Advent of Code is an advent calendar for programming puzzles. I decided to tackle this year’s set of 50 puzzles in Julia and journal my experiences along the way. I’m a beginner in Julia so I thought this would help me improve my skills. This post covers days 9 through 16. Day 9: Bracket matching Syntax error in navigation subsystem on line: all of them I over-engineered the heck out of this puzzle.
Advent of Code is an advent calendar for programming puzzles. I decided to tackle this year’s set of 50 puzzles in Julia and journal my experiences along the way. I’m a beginner in Julia so I thought this would help me improve my skills. This post covers days 1 through 8. All of my solutions are available on GitHub. Day 1: Increasing sequences Count the number of times a depth measurement increases from the previous measurement
I love Julia’s UnicodePlots.jl, a package for making pretty, colourful plots directly in the terminal. While playing around for Advent of Code I wrote a function to animate a sequence of Unicode plots. It’s not much, but I couldn’t find anything similar on Google so I thought I’d share. The move_up helper function is the fiddly part; it moves the cursor to the start of where the plot begins so that a new plot can be printed right on top.
I have a URL with a colour parameter, like “https://example.com/diamonds?colour=H”. When I go to this URL in my browser, an AWS Lambda instance takes that parameter and passes it to rmarkdown::render, which knits a customised R Markdown report. My Lambda returns the knitted report as HTML, which my browser displays. If I change the parameter to “colour=G”, I get a different report, knitted on-demand. This is all serverless, so I only pay each time a report is requested (around $0.
Metaflow is one of my favourite R packages. Actually, it’s a Python module, but the R package provides a set of bindings for running R code through Metaflow. Recently I’ve spent a good amount of effort trying to improve the way that R data is translated to the Python side of Metaflow, but I just can’t get it to work. So I thought I’d post about what I’ve learnt. Maybe someone will have an answer.
One of the joys of keeping a personal blog is that I don’t have to justify a post. If I want to hook up 4 Raspberry Pis into a Kubernetes cluster just to monitor the humidity of my living room, then I can. And it’s pretty cool to open up a browser and go to starfleet:30001 to see this: I’ve explored Kubernetes once before, when I used it to host an R API made with Plumber.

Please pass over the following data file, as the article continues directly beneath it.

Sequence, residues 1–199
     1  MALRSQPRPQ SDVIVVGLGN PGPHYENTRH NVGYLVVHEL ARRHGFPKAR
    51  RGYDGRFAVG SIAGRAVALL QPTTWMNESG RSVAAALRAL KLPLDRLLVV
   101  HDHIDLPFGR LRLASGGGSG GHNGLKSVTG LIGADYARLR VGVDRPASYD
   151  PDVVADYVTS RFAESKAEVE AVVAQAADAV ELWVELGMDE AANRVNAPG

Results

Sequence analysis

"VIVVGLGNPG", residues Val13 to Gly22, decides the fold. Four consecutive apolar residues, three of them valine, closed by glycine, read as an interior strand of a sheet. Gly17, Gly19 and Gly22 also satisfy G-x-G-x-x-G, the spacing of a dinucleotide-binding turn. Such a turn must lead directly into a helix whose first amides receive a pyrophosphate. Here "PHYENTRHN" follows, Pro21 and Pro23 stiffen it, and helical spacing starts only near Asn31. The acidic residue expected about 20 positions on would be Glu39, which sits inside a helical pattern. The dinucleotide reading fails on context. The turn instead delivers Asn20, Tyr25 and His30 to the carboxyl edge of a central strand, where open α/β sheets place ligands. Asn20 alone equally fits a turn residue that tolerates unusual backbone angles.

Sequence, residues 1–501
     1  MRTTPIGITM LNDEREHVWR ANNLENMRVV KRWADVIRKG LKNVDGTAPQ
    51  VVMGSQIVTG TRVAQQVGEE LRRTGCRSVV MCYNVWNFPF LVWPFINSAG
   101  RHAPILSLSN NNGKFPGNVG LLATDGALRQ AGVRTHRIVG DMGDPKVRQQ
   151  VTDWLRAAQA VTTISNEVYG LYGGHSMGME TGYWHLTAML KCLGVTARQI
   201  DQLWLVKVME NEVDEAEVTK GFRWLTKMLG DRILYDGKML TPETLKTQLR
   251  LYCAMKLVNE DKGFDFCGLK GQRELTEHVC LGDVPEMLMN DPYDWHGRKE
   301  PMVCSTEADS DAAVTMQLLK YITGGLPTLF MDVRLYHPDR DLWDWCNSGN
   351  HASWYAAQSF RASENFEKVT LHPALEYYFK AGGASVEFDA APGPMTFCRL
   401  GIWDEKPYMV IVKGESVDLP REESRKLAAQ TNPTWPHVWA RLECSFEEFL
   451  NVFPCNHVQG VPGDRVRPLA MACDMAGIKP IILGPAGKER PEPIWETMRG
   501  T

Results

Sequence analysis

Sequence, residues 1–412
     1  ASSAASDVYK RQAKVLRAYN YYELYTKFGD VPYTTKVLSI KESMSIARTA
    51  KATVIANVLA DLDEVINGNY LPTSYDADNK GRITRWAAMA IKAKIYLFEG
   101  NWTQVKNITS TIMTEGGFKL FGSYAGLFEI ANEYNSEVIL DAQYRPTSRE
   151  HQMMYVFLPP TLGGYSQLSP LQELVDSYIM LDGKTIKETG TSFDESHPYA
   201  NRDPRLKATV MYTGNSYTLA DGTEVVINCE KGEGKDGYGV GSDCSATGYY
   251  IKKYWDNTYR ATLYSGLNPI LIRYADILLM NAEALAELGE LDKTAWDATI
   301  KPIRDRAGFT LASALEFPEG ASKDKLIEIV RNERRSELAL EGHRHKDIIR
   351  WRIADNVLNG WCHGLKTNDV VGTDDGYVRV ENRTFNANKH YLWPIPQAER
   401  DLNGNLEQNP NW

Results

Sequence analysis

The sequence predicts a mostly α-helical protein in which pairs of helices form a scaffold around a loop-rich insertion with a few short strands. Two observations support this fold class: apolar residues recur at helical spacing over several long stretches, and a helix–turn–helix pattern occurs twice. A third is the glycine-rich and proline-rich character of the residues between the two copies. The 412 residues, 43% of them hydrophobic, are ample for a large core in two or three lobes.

In case this saves anyone some time, here’s a quick bit of regex and Python code for identifying if a given licence plate is standard or custom (personalised) in a given state. I can’t promise that this logic is correct or up to date. Some of the rules used are a bit more general than they need to be. I also tended to ignore rules before 1970. The rules come from:
Animal Crossing: New Horizons kept me sane throughout the first Melbourne COVID lockdown. Now, in lockdown 4, it seems right that I should look back at this cheerful, relaxing game and do some data stuff. I’m going to take the Animal Crossing villagers in the Tidy Tuesday Animal Crossing dataset and combine it with survey data from the Animal Crossing Portal, giving each villager a measure of popularity. I’ll use the Google Cloud Vision API to annotate each of the villager thumbnails, and with these train a a (pretty poor) model of villager popularity.
I went down a strange path recently, trying to compile binaries of R packages for Linux. I’m not sure why — this area is pretty much covered by the RStudio Package Manager. I’ll leave my Dockerfiles here in case they’re of any use to a future wayward R programmer. The intention here is to build a Docker image that can build an R binary with the below command. I’m trying to build x86 binaries on my ARM Macbook, so I’m specifying the platform during both build and run.
I have a simple machine learning workflow that I recreate whenever I’m testing something new. I take some interesting data and a target, throw in some pre-processing, tune hyperparameters with cross-validation, and train a random forest. It’s all the basic ingredients for a machine learning model. Since I like Julia so much, I’ll recreate my simple machine learning workflow with Julia’s MLJ package. MLJ is like R’s parsnip, in that it unifies many machine learning packages with disparate APIs under a single syntactic umbrella.